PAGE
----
Employment that Sounds Too Good to be True

Stress LESS through Mindful Living®

Employment that Sounds Too Good to be True

Mindful Money, Money, Cash, Mindful Living Network, Mindful Living, Dr. Kathleen Hall, The Stress Institute, OurMLN.com, MLN, Alter Your Life

Beware of seasonal and holiday employment scams! If it sounds too good to be true, it’s probably a scam.

Jobless rates for November 2012 in America is projected at 8.5 percent, meaning 12 million Americans are without work. As if looking for a job was not hard enough, there has been an increase in employment scams. It is reported that 2.5 million Americans get scammed by false employment advertisements every year. Listed below are Mindful Work tips on employment cons that you should be aware of.

3 Employment Scams to be Aware Of
  • Work-from-home scams. These scams are extremely popular and they mostly affect stay-at-home moms, the disabled, and the elderly. Some examples include stuffing envelopes and product assembly. These “companies” offer to pay you for stuffing envelopes or assembling products like key chains. They insist that you pay up front for the materials.
  • Mystery shopper rip-offs. Here is one example of the mystery shopper rip-off. A “company” will send you a large personal check (maybe $3,000). After you deposit it they will ask you to evaluate a money-wiring service or a bank by sending some of the money you just deposited to the mysterious account.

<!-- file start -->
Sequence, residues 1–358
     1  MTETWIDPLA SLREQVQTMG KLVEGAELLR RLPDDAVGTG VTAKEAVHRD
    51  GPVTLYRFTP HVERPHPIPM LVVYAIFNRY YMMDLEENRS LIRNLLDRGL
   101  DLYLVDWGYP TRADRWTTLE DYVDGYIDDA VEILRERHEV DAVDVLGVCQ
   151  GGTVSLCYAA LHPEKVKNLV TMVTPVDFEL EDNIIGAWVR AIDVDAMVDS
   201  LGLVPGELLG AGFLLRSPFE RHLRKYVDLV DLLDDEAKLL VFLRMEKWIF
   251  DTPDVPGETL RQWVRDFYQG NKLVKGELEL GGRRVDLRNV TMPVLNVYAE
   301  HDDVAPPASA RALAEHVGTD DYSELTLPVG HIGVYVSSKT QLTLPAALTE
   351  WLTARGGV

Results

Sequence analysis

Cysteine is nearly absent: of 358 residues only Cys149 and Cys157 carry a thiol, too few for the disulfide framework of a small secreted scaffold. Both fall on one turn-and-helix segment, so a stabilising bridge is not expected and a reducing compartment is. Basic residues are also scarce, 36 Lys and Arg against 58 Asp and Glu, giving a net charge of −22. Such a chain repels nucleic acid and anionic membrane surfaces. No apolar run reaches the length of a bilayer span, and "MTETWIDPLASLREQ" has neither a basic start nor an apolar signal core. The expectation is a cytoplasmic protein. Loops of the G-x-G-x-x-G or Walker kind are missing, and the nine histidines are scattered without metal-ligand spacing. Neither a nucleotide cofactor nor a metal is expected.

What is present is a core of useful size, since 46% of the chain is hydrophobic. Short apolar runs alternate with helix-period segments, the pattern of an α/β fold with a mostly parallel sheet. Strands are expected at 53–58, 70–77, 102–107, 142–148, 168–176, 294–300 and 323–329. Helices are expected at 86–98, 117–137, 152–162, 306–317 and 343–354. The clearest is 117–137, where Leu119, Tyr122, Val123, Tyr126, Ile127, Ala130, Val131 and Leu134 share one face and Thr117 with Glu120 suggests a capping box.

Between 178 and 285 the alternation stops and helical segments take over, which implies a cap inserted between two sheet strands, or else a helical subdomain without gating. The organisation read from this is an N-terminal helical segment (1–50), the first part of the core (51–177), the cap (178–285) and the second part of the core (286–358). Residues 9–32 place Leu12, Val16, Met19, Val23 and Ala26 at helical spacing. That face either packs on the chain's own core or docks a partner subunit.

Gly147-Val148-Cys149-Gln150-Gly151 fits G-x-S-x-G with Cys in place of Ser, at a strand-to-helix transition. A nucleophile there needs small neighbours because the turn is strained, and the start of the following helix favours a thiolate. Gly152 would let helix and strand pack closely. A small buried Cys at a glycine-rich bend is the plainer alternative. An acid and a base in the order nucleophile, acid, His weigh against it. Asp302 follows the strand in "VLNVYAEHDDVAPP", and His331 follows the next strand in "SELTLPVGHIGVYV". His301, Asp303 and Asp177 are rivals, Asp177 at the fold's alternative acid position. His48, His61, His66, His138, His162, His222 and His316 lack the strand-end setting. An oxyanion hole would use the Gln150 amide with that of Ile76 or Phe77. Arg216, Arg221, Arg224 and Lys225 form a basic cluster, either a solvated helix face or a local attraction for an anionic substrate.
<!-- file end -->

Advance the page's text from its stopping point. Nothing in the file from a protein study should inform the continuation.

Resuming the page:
• Fraudulent employment agencies. While searching online for jobs you may come across agencies that promise to find you a job for an advance fee. These fees can range from hundreds to thousands of dollars. Be cautious of these employment-service firms. The Better Business Bureau says that rarely do legitimate firms promise to find you a job. Some will even post fake job listings on their website to entice you to purchase their services.

To avoid employment scams always check the status of the company with the Better Business Bureau. Before you sign up for an employment agency or accept a work-from-home offer, review their contact information, policies and your contracts carefully. To avoid work-from-home scams try review websites like I’ve Tried That.


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